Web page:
While No Man’s Sky can house millions of players, it’s not technically an MMO either. The sheer size of the game makes it so meeting another player is an incredibly slim chance. Murray, during an interview with KindaFunnyGames, even stated that you will not be able to upload your coordinates to a friend who is also playing the game. You’ll just have to try really, really hard to meet somewhere out in space. It’s just you and the open universe. And what an amazing experience that will be. There’s a great chance you’ll be the first to discover a planet, and be given the ability to name it whatever you want. The best part? Every single person to find that planet after you knows that you discovered it first. But the exploring doesn’t just end at naming planets. You’ll discover ancient ships, alien technologies, amazing creatures, long and forgotten artefacts, and more. Just thinking about it has me bouncing up and down on my seat.

The let-downs I’ve experienced with space games are the planets themselves. My beloved Mass Effect is guilty of pasting the same terrain onto different alien worlds. I understand the limitations of creating vastly different planets and don’t blame them for making it simple, but it gives me another reason to love No Man’s Sky already. The planets are not randomly generated, but are a result of complex algorithms that I have absolutely no chance of explaining in this article. From my understanding, the universe in the game follows similar mathematical rules that our own universe seems to follow. This results, not in randomly generated planets, but unique and, dare I say, even somewhat realistic planets. For example, planets closer to the sun will be barren and have scorching temperatures. Some planets may have an atmosphere toxic to your explorer. There are thousands of possibilities. The most interesting feature of each planet is the ability to explore everything you see. You know how in some games you see an interesting mountain, or lake, or whatever, that you want to explore? You can actually explore those distant places on the planet. This just keeps getting better and better.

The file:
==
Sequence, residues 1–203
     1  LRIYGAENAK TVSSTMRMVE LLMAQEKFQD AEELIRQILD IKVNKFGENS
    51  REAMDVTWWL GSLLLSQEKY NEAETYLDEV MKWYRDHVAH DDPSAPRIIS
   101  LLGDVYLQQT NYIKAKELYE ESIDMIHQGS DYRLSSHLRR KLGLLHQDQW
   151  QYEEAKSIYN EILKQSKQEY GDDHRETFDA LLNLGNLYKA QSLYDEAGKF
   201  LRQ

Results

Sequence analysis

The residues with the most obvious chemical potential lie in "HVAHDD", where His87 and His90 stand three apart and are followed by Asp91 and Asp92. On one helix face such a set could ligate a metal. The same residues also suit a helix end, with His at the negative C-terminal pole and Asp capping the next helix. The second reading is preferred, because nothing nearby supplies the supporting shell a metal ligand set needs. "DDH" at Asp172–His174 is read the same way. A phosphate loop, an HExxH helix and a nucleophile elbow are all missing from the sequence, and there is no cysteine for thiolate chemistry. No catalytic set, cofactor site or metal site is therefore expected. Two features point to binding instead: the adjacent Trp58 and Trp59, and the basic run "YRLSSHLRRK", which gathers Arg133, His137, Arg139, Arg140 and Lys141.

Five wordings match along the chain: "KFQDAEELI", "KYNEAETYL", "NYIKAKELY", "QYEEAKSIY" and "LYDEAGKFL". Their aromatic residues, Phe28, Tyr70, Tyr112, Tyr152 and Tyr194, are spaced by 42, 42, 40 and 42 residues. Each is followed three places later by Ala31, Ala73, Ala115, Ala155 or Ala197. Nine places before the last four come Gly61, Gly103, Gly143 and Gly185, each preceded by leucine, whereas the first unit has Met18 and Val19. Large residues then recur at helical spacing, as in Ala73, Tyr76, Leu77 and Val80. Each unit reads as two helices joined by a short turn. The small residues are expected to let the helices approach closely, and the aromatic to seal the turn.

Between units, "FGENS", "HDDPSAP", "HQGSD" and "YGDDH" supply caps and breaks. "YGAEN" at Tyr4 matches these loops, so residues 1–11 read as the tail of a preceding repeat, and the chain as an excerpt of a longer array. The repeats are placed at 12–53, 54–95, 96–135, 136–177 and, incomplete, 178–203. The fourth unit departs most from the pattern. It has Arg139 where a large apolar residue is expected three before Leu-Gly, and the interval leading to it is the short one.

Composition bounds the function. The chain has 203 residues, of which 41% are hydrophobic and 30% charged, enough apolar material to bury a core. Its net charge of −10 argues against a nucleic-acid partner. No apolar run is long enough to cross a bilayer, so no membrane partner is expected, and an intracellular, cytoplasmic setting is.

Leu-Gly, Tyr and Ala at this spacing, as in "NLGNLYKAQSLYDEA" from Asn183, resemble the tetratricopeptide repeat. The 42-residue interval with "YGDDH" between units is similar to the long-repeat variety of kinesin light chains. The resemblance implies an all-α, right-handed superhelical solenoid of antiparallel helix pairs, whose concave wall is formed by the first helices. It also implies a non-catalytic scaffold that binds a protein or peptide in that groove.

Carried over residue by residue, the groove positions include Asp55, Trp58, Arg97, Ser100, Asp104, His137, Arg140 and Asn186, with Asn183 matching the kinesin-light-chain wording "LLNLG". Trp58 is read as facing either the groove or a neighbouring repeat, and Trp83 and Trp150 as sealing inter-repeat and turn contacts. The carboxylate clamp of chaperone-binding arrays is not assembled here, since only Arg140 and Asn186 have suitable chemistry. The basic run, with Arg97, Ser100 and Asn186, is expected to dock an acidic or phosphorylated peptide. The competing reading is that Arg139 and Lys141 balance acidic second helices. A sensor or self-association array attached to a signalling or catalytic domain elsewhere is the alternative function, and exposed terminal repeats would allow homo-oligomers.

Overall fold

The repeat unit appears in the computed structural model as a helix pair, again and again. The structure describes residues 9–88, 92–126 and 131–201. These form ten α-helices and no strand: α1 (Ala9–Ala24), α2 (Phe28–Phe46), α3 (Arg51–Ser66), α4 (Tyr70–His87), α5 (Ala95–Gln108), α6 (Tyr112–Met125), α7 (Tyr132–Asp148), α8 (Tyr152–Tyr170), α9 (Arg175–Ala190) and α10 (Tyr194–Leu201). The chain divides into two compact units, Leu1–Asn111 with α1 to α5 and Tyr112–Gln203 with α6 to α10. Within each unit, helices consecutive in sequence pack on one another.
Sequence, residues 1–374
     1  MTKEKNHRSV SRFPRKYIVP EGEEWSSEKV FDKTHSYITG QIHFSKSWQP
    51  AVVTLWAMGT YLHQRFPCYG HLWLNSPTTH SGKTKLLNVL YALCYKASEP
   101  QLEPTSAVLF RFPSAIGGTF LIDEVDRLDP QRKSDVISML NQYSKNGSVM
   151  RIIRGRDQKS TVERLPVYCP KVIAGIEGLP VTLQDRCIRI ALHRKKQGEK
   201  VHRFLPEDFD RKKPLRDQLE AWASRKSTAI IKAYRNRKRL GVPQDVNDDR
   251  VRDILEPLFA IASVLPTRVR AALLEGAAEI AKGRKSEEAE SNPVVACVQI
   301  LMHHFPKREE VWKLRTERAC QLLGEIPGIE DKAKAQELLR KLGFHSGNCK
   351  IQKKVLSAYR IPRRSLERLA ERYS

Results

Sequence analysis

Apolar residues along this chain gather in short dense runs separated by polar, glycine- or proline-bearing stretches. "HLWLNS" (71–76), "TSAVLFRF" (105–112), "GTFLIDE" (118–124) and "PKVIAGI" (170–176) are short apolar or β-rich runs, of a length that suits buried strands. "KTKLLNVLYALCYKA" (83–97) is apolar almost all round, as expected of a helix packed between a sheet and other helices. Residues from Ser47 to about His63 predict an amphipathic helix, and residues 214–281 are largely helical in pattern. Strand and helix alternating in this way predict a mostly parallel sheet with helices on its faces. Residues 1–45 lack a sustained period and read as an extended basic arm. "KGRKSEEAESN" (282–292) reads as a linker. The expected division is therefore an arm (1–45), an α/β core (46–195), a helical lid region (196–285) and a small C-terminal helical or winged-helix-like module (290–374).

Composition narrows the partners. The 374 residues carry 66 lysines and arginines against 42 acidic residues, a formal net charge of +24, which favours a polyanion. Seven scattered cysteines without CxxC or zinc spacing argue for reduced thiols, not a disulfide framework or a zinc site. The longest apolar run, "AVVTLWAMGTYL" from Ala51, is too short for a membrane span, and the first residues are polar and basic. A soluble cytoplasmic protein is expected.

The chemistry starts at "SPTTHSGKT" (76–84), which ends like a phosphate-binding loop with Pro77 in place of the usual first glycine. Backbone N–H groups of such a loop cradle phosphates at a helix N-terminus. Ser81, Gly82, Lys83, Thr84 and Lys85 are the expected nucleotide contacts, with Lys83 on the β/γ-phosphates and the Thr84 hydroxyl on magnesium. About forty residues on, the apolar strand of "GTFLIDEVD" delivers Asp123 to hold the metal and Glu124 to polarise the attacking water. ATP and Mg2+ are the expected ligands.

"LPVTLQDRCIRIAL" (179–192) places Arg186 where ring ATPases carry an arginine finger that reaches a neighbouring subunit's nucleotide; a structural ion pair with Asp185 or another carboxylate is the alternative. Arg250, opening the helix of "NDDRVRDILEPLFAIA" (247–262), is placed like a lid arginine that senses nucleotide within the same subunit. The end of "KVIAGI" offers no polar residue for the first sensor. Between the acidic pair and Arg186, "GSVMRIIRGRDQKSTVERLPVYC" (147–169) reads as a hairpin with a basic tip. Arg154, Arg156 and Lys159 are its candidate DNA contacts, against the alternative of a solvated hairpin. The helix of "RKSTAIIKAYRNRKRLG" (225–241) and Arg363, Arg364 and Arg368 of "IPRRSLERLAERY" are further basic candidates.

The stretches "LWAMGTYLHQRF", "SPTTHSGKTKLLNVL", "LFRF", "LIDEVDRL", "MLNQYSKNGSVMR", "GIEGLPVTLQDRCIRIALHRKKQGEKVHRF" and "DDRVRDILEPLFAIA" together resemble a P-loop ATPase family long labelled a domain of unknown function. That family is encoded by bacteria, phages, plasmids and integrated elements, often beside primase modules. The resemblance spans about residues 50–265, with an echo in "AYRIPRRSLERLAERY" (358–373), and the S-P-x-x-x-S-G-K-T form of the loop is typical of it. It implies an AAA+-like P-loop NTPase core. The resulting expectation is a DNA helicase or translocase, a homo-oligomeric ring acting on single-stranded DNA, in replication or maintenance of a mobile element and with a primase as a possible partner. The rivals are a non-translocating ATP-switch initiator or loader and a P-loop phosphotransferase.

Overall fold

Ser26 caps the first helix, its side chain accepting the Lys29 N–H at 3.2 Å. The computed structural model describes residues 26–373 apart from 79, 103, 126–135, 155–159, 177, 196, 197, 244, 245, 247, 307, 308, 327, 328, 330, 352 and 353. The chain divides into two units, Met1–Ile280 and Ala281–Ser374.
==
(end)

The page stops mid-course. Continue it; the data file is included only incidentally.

The planets are not only largely explorable, they’re inhabited by an amazing assortment of interesting creatures. Creatures are generated the same way that planets are in No Man’s Sky; not a random mish-mash of limbs, eyes, and mouths, but rather a complex mathematical equation which generates animals of varying sizes, appetites, and threat levels. It’s entirely possible that a player will stumble upon a planet of carnivorous giants hellbent on eating whatever is unfortunate to cross paths with them. The developers make it a bit harder to deal with these monsters, though. Instead of pulling out your weapon of choice and shooting away, you’ll have to either scare the creatures away or run for all you’re worth. If you harm an animal there is a big chance that an entity known only as “The Sentinels” will find you and attack you. So, basically park rangers, but with lasers and gigantic ships.